While Tomorrows End may not be the most entertaining novel I have read recently, it is one of the more thought provoking. In a genre that is already crowded with rehashes of ideas, it is truly remarkable to find a debut novel with something new and compelling to offer readers. I hope to see this creativity continue throughout the rest of the series.
Codex Ocularis is a journey; a journey through time and physical space to a distant planet, but also a journey through the mind.
There is a planet in a galaxy far, far away that is unlike any planet you’ve ever seen or known of. It is known as Ocularis because it is eye-shaped, and has a focused lens pointed right at planet Earth. Yes, the planet is in fact looking at Earth and from what it sees, it is creating unique creatures in the aqueous humors of its surface. How do we know this? Because of one Astronaut/Psychonaut/Holonaut who has traveled across the dimensions of time and space and visited the planet through this unique advanced technology that employs the mind in some way. His words and diagrams have been left in his log book known as the “Codex Ocularis,” where you’ll find his thoughts and musings, his scientific theories and revelations of Ocularis.
Codex Ocularis is partly a storybook, partly a philosophical journey, and partly Ian Pyper having a lot of fun illustrating the ideas of a planet. The concept is an interesting one, but the execution is a little lacking. The astronaut’s notes are done in cursive that make it hard to read certain words at times. The content of the writing is pretty complex and “pretend-scientific” that kind of loses the reader. The illustrations are fun, but get a bit repetitive and when the reader isn’t sure what they’re reading, it makes understanding the images even harder. The book could’ve used more structure and plot to help the reader along.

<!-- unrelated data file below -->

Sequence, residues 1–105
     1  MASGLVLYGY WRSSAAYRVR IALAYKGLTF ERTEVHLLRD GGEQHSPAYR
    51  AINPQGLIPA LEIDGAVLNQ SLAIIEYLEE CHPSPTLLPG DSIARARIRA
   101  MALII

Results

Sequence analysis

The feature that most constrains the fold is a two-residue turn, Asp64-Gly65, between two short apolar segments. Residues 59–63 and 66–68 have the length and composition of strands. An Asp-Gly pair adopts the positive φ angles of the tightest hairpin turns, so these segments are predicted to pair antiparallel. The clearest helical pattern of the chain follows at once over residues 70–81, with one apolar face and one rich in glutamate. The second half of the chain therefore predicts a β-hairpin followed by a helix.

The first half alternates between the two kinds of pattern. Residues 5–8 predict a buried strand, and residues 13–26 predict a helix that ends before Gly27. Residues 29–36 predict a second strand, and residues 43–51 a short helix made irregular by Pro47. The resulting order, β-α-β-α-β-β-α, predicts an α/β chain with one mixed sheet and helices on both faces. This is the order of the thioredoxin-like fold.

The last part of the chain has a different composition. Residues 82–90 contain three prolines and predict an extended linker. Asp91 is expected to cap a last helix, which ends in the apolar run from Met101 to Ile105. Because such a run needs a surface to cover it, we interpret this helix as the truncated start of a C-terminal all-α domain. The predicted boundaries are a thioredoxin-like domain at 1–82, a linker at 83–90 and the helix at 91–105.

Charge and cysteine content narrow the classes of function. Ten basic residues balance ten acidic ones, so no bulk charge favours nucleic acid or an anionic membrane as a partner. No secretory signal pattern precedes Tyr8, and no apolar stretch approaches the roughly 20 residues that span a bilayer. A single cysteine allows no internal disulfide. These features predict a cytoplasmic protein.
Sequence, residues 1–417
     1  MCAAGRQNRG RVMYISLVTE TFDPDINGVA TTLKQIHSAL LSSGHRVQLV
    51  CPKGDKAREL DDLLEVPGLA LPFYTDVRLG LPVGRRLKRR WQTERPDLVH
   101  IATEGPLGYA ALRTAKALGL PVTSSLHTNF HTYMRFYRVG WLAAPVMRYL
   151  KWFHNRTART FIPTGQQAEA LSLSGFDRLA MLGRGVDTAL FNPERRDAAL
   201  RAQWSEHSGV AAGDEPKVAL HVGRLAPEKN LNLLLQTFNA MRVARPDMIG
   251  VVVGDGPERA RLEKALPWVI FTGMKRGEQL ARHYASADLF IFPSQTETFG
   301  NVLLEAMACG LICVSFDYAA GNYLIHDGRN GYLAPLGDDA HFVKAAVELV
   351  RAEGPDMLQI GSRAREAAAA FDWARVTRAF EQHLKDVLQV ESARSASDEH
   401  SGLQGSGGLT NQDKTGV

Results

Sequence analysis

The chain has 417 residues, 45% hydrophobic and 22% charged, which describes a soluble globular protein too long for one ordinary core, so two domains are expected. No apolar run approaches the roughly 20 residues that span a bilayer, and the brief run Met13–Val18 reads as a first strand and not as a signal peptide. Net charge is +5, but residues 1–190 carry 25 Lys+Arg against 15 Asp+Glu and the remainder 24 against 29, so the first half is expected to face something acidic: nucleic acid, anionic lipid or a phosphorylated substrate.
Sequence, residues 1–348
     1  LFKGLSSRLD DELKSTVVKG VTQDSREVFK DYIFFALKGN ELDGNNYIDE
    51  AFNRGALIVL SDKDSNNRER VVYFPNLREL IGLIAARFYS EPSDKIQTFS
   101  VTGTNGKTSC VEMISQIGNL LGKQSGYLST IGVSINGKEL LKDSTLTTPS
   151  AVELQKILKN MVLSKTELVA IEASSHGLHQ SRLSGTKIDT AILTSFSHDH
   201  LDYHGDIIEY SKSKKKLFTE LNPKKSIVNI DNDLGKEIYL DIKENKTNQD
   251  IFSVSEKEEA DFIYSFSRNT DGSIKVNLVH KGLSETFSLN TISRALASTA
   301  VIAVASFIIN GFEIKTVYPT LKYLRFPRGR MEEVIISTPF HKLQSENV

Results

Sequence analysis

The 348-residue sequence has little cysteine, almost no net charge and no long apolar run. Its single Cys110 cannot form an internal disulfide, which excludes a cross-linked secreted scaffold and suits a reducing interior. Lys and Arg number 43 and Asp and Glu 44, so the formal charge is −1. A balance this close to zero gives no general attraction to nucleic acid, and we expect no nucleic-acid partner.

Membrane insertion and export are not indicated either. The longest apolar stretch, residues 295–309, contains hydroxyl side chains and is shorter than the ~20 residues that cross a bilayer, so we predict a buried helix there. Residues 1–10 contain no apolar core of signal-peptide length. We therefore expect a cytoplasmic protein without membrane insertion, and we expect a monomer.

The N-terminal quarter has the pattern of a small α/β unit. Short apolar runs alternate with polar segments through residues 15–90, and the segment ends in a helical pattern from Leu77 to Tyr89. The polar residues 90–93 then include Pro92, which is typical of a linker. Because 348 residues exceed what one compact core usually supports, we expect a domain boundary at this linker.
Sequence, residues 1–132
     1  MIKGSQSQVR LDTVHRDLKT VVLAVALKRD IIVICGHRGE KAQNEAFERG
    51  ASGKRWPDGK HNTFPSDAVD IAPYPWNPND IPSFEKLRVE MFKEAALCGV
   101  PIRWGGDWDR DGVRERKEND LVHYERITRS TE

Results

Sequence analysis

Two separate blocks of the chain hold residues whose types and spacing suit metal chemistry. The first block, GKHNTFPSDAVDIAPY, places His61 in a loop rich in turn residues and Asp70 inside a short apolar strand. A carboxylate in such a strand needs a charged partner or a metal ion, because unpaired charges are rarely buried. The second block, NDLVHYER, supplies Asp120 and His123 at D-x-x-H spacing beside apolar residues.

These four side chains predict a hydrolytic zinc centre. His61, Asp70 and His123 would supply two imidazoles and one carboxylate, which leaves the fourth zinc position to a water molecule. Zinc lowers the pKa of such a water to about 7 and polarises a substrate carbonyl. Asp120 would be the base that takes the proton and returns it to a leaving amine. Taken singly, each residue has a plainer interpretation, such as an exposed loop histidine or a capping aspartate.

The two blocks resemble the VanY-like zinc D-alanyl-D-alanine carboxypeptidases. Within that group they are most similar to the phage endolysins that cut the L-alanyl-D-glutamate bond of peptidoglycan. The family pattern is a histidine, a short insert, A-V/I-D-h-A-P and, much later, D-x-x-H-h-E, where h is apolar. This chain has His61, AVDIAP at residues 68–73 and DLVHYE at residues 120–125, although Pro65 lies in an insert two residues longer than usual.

The Methuselarity Transformation
Raymond Mettler is a wealthy recluse, obsessed with his personal safety and staving off death at all costs. Marcus Takana is a poor athlete with big aspirations and no hope of realizing them. They would never have met, if not for a stranger named Terra, wielding an incredible offer: making Marcus’s dreams come true if he agrees to let Raymond’s mind inhabit his body when Ray dies. In a world where genetically engineered grass is choking the planet and aging can be held off indefinitely for the right price, both Ray and Marcus will discover the dark side of the secret Faustian bargain they’ve struck.
The Methuselarity Transformation feels like vintage sci-fi, tackling hard questions like social equality, economic disparity, and the consequences of genetic tinkering by crafting a human narrative around them. As Ray and Marcus’s bargain with Terra plays out, the reader slowly gains a foothold in this advanced – yet still very familiar – version of Earth.
That ambitious storytelling spirit also informs the novel’s pacing, as frequent jumps forward in time grant a glimpse of years in the lives of our protagonists, all told in the looming shadow of Ray’s eventual death and transfer into Marcus’s body. (Though, as the novel moves between the two main characters, it’s sometimes unclear how much time is passing.)